Before heading out, I was mindful of personal security. Brazil, and Rio especially, has a very, very bad reputation for petty crime; I’d heard of someone who had their Swatch watch stolen at knifepoint on the beach, during the day, so I packed lightly. A Xerox of my passport, a little bit of money, and… my iPod. I was ambivalent about bringing it, people apparently get held up all the time for iPods, but I saw so many runners with headphones I decided to take a chance. I turned it on, and the first track to play was ‘Girl From Ipanema’. I’m not making this up.

Off I go, and I’m passing runners while keeping a moderate pace. I pass more runners, and I get to about the 20-minute mark, and suddenly it hits me: it’s HOT. And the humidity is like what you feel when you first walk into a florist’s shop. A wave of steamy, stagnant, damp air overtakes you, and then you realize that delightful local smells (sewage, coconut oil, fried meat stands) are just hanging in the air waiting for you to come along. That was when I realized why I was passing so many runners; it’s too damned stifling to run fast in Rio. So I cooled the pace, even though I noticed my tongue started to hang out like a big black dog’s towards the end of the run.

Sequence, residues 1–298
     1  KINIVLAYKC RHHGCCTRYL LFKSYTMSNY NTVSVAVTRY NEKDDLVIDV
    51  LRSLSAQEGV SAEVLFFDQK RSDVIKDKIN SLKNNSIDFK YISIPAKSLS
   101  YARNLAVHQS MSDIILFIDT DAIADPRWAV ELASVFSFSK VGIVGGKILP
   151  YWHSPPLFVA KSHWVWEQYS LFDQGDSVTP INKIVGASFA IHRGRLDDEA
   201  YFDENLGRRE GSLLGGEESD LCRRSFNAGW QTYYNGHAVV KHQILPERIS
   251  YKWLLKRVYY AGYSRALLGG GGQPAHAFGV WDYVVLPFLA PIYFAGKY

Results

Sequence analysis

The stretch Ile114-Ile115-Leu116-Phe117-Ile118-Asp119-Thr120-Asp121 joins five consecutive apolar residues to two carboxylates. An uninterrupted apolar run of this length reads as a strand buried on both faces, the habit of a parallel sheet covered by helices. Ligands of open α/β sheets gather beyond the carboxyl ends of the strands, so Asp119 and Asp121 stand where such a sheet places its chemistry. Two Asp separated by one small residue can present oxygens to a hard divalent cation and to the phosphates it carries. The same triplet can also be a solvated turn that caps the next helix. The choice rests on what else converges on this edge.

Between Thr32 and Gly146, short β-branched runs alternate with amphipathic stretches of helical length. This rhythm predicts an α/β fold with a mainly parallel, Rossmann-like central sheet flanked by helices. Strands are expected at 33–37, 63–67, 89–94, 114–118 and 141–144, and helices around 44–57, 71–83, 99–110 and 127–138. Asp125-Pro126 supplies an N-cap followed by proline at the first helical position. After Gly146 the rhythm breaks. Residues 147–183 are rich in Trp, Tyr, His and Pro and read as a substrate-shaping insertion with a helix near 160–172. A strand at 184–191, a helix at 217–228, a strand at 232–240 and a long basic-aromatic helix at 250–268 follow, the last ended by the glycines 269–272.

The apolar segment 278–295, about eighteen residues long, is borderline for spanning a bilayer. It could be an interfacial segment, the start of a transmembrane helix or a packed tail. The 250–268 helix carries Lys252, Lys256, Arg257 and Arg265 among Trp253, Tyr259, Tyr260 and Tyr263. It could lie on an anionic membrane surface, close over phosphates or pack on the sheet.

The next day I ran earlier, but since the temperature doesn’t drop overnight, it didn’t matter. Sauna running time again. I could only manage about five miles, and it wasn’t even sunny. In fact, it wasn’t sunny for very much of the time I was there, and one day I hit the beach mid-afternoon for about an hour or so. It looked like it was going to rain any minute, so I just hung out for a little while. I had a little suntan lotion, that was OK, but I soon discovered I didn’t need SPF 45. I needed SPF 45,000. And so I got cooked like Nazis at the end of that first Indiana Jones movie. Christ the Redeemer, I got burned, and burned badly.